Baseball never went after Barry Bonds, despite a failed steroid test and circumstantial evidence that fans in the outfield bleachers could see every time he went to the plate.

The federal government did, and almost struck out trying.

Bonds strolled out of the federal courthouse in San Francisco on Wednesday and flashed a victory sign to a few fans, which at first glance might seem strange behavior for a man just convicted of a felony.

Yet while he didn't walk free on all four charges against him, the slugger and his multimillion-dollar dream team of attorneys had reason to smile.

Bonds survived the BALCO investigation without being convicted of anything directly related to steroids, quite a feat considering the government did everything but show pictures of his allegedly shrinking private parts to convince jurors Bonds was juiced. He was convicted of obstruction of justice, but even that charge may not stand on further judicial review.

Technically, the government could retry him on the perjury charges the jury deadlocked on. But it's doubtful prosecutors would waste the time and money to try him again, especially after the jury foreman said they should have done their homework better if they wanted to get convictions on those charges.

Oh, and the chances of him ever going to prison? Well, don't start measuring him for that extra-large jumpsuit just yet.

More than seven years in the making, the case against Bonds sputtered to an inconclusive end that likely satisfied no one. Bonds, of course, would have preferred to have been acquitted on all charges, while prosecutors would have been turning cartwheels down the courthouse hallways had they been able to get the jury to convict him on the accusations of lying under oath that were directly related to steroid use.

Instead, he was convicted on an obstruction of justice charge that stemmed from a single statement Bonds made about his childhood as the son of major leaguer Bobby Bonds and his relationship with personal trainer Greg Anderson.

The government "has determined it's unlawful for Barry Bonds to tell the grand jury he's a celebrity child and to talk about his friendship with Greg Anderson," Bonds attorney Allen Ruby said.

Bonds should count himself lucky to have that friendship with Anderson, who went to prison four different times rather than testify against the slugger. Anderson, who also served time for distributing steroids in the BALCO investigation, spent more than a year in jail because of his over-the-top allegiance to Bonds.

Had Anderson testified — and testified honestly — we might have known just how Bonds came to take the "cream" and the "clear" and just what he really knew about them. We might have been able to draw a timeline between the moment he first started using steroids and when the home runs started coming with almost every at bat.

Most of all, we might have been able to finally make some sense out baseball's Steroid Era and why players felt it was necessary to use things that could potentially cause great harm to their bodies simply to hit a baseball over a fence.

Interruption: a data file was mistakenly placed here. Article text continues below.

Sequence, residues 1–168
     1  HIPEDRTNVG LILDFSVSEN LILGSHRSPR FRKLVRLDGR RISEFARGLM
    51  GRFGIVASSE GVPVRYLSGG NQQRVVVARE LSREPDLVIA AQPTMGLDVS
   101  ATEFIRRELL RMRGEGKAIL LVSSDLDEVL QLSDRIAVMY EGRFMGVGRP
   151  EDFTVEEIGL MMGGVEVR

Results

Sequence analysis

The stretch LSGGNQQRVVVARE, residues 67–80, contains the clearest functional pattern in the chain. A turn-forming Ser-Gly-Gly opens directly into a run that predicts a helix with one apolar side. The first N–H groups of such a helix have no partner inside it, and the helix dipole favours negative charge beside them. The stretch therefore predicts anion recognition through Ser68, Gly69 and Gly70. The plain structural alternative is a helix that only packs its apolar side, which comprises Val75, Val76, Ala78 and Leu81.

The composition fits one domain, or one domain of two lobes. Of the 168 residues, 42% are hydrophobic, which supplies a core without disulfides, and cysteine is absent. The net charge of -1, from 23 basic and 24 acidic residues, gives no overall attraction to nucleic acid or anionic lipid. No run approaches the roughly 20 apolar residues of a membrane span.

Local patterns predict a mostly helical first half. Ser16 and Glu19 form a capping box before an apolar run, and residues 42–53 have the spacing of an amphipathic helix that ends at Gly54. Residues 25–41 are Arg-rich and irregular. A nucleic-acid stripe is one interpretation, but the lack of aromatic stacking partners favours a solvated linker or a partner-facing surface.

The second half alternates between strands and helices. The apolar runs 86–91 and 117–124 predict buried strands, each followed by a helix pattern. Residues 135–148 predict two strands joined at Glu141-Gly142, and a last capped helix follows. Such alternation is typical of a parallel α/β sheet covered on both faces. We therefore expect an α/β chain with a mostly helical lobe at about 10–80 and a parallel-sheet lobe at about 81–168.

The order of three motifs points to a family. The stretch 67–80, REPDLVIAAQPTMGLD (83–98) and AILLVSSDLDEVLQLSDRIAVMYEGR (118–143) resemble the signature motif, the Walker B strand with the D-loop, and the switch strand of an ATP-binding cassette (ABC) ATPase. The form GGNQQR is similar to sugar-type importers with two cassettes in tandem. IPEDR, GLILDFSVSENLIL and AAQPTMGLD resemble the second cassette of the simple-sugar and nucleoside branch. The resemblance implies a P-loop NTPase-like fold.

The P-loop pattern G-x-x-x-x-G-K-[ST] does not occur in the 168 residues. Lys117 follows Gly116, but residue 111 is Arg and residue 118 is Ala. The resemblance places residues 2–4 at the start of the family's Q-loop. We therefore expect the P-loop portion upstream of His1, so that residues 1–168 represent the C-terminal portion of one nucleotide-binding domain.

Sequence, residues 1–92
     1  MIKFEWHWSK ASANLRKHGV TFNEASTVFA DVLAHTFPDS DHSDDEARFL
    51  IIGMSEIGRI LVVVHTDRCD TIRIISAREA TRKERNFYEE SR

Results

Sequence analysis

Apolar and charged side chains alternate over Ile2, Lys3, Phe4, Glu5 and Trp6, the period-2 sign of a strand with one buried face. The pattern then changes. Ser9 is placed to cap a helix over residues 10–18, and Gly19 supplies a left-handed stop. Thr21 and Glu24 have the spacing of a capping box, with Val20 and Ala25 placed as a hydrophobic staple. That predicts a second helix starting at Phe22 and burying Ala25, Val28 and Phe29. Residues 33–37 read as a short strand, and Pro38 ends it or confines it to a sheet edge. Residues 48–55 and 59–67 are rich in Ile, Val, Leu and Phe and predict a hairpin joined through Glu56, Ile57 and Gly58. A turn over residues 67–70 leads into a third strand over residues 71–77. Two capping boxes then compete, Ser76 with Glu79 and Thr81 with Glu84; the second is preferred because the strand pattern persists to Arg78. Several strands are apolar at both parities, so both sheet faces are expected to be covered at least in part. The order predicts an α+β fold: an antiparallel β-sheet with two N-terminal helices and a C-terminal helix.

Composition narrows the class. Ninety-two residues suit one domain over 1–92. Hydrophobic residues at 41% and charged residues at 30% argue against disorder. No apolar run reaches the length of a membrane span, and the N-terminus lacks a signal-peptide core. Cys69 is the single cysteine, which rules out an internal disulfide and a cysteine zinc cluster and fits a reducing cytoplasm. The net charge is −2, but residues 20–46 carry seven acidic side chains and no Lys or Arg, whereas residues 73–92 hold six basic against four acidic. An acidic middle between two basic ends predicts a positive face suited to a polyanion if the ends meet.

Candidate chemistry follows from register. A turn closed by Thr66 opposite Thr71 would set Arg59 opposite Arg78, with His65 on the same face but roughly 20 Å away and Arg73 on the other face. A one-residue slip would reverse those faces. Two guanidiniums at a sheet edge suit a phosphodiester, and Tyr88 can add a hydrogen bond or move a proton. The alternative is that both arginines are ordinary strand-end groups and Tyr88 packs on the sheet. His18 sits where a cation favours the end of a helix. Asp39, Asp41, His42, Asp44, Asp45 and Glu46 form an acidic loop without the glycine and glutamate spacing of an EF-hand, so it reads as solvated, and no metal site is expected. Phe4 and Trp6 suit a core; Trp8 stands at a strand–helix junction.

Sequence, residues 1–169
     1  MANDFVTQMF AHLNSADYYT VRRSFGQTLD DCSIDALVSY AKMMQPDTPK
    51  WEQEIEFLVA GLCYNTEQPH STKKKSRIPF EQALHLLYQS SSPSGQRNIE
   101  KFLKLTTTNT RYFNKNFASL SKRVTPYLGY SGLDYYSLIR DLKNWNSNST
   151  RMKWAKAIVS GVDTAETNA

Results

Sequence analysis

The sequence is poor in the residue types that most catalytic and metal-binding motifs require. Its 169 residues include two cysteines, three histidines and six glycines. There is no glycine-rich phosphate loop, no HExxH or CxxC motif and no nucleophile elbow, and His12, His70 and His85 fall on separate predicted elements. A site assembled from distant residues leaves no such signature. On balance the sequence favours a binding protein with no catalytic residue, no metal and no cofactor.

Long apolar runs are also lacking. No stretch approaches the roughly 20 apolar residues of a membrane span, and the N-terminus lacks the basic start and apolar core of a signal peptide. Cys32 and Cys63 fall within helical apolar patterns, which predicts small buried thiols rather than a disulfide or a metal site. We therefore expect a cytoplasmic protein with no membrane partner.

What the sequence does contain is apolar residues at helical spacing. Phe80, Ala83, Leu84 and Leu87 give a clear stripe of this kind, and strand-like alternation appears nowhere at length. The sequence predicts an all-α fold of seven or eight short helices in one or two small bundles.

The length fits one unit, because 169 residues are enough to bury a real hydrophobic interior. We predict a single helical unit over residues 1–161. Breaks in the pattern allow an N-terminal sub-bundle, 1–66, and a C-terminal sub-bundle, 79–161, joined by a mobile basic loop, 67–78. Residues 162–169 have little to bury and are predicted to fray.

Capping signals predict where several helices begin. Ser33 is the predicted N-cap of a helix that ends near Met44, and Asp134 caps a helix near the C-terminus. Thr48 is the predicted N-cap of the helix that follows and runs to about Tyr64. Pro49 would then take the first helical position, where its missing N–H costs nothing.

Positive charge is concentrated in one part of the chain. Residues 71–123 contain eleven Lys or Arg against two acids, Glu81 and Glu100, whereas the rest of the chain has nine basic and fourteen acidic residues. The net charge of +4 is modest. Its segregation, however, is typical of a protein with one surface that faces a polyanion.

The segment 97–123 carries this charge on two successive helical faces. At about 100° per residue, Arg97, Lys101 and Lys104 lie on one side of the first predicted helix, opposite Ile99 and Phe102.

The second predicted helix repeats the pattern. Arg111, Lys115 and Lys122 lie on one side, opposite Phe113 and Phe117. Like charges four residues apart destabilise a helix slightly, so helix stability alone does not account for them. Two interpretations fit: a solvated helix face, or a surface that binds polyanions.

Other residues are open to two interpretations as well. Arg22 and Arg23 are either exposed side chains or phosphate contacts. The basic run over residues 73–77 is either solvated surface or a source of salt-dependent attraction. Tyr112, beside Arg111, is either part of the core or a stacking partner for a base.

But Anderson and Bonds didn't come clean, and that's our loss. We're left with Bonds' almost laughable grand jury testimony about "flaxseed oil" and "arthritic cream" — testimony that will almost surely now never be proved untrue in a court of law.

Baseball commissioner Bud Selig used the occasion to issue a statement saying the trial was a "stark illustration of how far this sport has come" in testing players for steroids and other performance enhancing drugs. Left unsaid in the statement was that baseball didn't test for steroids at all until 2003 — when Bonds was among those who failed a test — and did nothing to stop owners from giving the biggest hitters untold millions even while it was clear that something was terribly amiss in the game.

As much as Selig would like to declare victory over the Steroid Era, testimony of current and former players in the Bonds trial was a reminder how pervasive the use of PEDs was. There could be another even more painful reminder this summer when Roger Clemens is scheduled to go to trial on charges of lying before a congressional panel on the use of PEDs.

Unlike Bonds, Clemens doesn't have a former trainer willing to go to jail for him. Instead, he has one who seems to relish the idea of testifying against the big star.

The BALCO investigation — started almost a decade ago by federal agent Jeff Novitzky digging through garbage outside the San Francisco-area offices of the company — snared a lot of people along the way. Marion Jones, her track coach, and elite sprint cyclist Tammy Thomas were among those convicted in a probe that ended up spreading far beyond the Bay Area.

Novitzky and his crew can now claim their biggest conviction with Bonds, but it's a hollow win. While it's admirable that they went after Bonds when baseball refused to, it's hard to justify the years of work and the money spent for the relatively insignificant conviction they finally won.

Asked outside the courthouse if he was going to celebrate, Bonds said there was nothing to celebrate. Technically, he's right, because, for now at least, he's a convicted felon.

But on this day he had good reason to be flashing the victory sign.


Tim Dahlberg is a national sports columnist for The Associated Press. Write to him at tdahlberg(at)ap.org